Have science fun as a family! Complete activities with parental supervision.
- Measuring tape OR a ruler and approximately 8 feet of string
- Paper and clipboard or a notebook
- Outdoors area with some trees
- Optional: crayons, markers, or colored pencils
- Choose an area with some trees to survey. All the trees in your backyard, around your apartment building, one side of your street, or in a nearby park?
- Make a map of this area on your paper, including major land features like buildings or roads… and the trees. Draw larger circles to represent larger trees and smaller circles for smaller trees. Try to be as precise as you can in mapping out the trees so you can refer to your map later.
- When you measure the size of a tree, wrap the measuring tape or piece of string 4 feet and 6 inches (4.5 feet) up the trunk of the tree. If you do not have measuring tape, wrap string around the tree and then measure the string with the ruler. If the tree is too large for you to wrap your arms around, use the thumbtack to hold the measuring tape or string in place at a height of 4.5 feet, while you walk around the tree to measure.
- Write this measurement within the circle on your map that represents that tree. If you use inches, always measure in inches. If you use centimetres, always use centimetres.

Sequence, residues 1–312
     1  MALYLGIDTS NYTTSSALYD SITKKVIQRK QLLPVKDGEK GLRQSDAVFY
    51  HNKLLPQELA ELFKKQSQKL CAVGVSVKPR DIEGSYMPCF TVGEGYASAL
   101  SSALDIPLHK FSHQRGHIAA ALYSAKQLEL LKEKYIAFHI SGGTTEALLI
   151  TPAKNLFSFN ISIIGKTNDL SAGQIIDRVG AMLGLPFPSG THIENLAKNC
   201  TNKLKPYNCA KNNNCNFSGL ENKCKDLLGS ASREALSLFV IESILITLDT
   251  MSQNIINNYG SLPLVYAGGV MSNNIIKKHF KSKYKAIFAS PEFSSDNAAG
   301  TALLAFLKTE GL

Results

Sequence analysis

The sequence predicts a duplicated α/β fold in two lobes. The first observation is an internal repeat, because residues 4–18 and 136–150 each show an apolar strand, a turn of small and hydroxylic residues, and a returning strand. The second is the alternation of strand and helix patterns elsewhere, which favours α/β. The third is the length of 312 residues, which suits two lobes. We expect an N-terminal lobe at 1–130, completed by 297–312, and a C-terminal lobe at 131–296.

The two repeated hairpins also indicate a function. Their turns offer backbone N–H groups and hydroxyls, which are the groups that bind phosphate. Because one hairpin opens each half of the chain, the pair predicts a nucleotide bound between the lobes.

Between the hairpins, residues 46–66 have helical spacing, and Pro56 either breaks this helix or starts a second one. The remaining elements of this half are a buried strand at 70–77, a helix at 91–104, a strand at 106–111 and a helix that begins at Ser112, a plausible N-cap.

- Do the same for all the trees on your map. Are the measurements all very similar, or are they different?
- Be sure to take a picture or video to share in the Facebook comments on the Buffalo Museum of Science or Tifft Nature Preserve pages!
What’s it all about?
Trees are amazing organisms, growing a little or a lot every year. Depending on the area, the trees living there may have been around for years and are older than anybody you know. Some trees are younger than you, but their branches are still way above your head!
Measuring trees can give you lots of information about them. This is why Foresters take a variety of tree measurements using different techniques. This field of science is called dendrometry. ‘Dendron” is the Greek word for “tree”.
In the field of forestry, a tree’s girth (circumference) can be measured by wrapping measuring tape around the tree’s trunk at a very specific height from the ground: 4.5 feet.
- After you collect your data, how do you want to examine and present it? You can make a line or bar graph of the tree girths on your map. Or you can simply list them all from smallest to largest.